Published in Sep-Oct 2015
Sitting in his office strewn with design sketches, racks of clothes and books, Adil Moosajee recalls blundering through the first year after he started EGO in 2006 in Karachi’s Zamzama.
“We did everything we were not supposed to do. We started from scratch and there was no other local retail clothing model we could learn from. We faced all sorts of challenges and we messed up a lot. But by the end of that first year we had also figured out a lot. For instance, we realised that 15% of our clothes were responsible for 90% of our sales. So we did away with the menswear, the western wear and the heavy formals. We also understood that a successful design was the one the daughter loved and the mother hated,” he smiles.
“And just when we figured it all out, they dug up Zamzama,” he shrugs. “No one could reach our store.”
Ever the optimist, Moosajee clearly relishes talking about the personal and professional challenges he faced.
While children his age were competing to get into the ‘right’ school, young Moosajee was dealing with a speech impediment and changing schools frequently while trying to find his bearings.
“I was terrible at academics and I avoided socialising because of my stutter.”
It is hard to believe that the man with the contagious can-do attitude which enabled him to set up a retail clothing business (EGO), a fine dining restaurant (The East End) and consultation services for interior design (Lincoln Corner at the PACC) and The Nest I/O (incubation space), actually spent his early years in a shell. And it was a defining moment in America which changed all that. In 1994, after his O’Levels he enrolled at a community college in the US. Lonely and self conscious, he did not talk to anyone for nine months and ate at the same Taco Bell every single day.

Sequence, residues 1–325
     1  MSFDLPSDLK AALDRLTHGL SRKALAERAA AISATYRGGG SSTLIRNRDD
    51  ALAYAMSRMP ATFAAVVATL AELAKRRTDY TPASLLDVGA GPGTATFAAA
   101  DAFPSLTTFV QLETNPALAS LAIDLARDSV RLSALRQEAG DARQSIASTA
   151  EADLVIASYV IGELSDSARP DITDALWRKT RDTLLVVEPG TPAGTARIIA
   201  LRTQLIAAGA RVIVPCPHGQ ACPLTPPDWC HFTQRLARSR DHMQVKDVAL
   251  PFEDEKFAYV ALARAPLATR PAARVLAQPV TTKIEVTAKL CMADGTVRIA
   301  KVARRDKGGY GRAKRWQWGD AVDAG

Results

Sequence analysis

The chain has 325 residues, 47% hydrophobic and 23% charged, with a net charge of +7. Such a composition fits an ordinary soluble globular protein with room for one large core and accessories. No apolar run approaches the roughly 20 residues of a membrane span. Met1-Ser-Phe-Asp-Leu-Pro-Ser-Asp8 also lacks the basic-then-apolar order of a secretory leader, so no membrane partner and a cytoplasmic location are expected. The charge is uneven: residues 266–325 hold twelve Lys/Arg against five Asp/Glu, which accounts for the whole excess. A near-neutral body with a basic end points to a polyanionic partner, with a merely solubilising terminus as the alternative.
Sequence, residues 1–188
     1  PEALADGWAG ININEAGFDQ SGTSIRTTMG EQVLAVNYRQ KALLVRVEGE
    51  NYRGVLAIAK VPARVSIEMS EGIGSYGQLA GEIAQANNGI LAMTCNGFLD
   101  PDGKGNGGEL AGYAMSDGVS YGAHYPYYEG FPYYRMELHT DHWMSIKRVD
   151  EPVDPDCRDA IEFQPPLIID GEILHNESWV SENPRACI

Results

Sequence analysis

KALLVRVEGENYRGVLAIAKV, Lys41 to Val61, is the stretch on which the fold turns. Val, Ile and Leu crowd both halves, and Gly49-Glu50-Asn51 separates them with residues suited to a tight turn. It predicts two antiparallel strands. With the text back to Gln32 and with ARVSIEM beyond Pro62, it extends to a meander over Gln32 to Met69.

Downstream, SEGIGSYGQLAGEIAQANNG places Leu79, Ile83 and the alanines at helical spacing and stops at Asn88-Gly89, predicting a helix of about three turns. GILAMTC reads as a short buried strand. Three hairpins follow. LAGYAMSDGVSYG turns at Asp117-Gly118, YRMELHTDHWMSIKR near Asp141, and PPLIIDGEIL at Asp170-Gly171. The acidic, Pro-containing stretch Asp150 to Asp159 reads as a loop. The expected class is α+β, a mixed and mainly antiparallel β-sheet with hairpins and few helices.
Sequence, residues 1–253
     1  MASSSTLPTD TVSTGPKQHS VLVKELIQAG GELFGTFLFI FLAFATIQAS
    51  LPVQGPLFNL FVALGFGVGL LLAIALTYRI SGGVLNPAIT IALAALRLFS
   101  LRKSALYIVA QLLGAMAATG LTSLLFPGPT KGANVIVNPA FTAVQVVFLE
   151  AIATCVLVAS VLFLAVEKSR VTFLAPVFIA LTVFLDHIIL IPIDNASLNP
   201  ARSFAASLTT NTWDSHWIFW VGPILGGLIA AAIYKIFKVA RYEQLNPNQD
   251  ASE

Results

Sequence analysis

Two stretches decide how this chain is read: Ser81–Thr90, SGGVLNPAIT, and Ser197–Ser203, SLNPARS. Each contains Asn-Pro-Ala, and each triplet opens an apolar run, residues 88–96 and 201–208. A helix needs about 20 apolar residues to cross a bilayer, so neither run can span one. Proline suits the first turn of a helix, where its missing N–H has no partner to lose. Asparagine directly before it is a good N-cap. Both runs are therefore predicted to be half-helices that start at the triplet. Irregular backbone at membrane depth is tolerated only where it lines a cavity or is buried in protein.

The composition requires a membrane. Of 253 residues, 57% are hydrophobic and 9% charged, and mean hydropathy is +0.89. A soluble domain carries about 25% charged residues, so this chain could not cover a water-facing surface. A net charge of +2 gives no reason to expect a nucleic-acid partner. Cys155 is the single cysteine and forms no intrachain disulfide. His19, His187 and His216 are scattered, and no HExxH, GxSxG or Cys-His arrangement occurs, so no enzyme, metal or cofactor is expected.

“Then one day I woke up and decided that I could either give up and go back or change things.”
He made a list of his challenges and picked his biggest fear to deal with first.
“I decided that the next day at college I would introduce myself to every single person I came across. The first introduction took me five minutes, but I was soon on a spree and by the end of the day I had made many friends, joined various societies and my stutter was 75% better.”
After this Moosajee grew his hair and moved to The Philadelphia College of Textiles & Science where he changed five majors in four years and graduated with 232 credits instead of the required 126.
“I just wanted to try different things and took every course I could from photography to physics.”
With a degree in Fashion Apparel Management, he flew back to Pakistan, and joined a buying house. In doing so he ruffled a few family feathers as he was expected to join Moosajees, his family’s men’s formal wear fabric business. (The original Moosajees is still located in Saddar and is an old Karachi mainstay.) Not one to do things conventionally, Moosajee offered to tread the middle path by opening another Moosajees store in Clifton. When his family shot down the idea, he set up his own fabric and tailoring shop in a 300-square feet outlet on Zamzama called M2. In the one year of its existence, M2 thrived, but had to be closed down when it started to compete directly with the original Moosajees store.
Disheartened he moved to Lahore and joined Crescent Greenwood as Head of Product Development.
“That was in Pindi Bhattian, so it was a great experience, but a terrible life.”
He then moved back to Karachi, married and joined the Textile Institute of Pakistan and taught there from 1999 to 2004. After another teaching gig and consultancy at a textile mill, a vision was beginning to take shape in his mind.
“Whenever I told my friends I wanted to do something different, they advised me to buy a foreign franchise and bring it to Pakistan."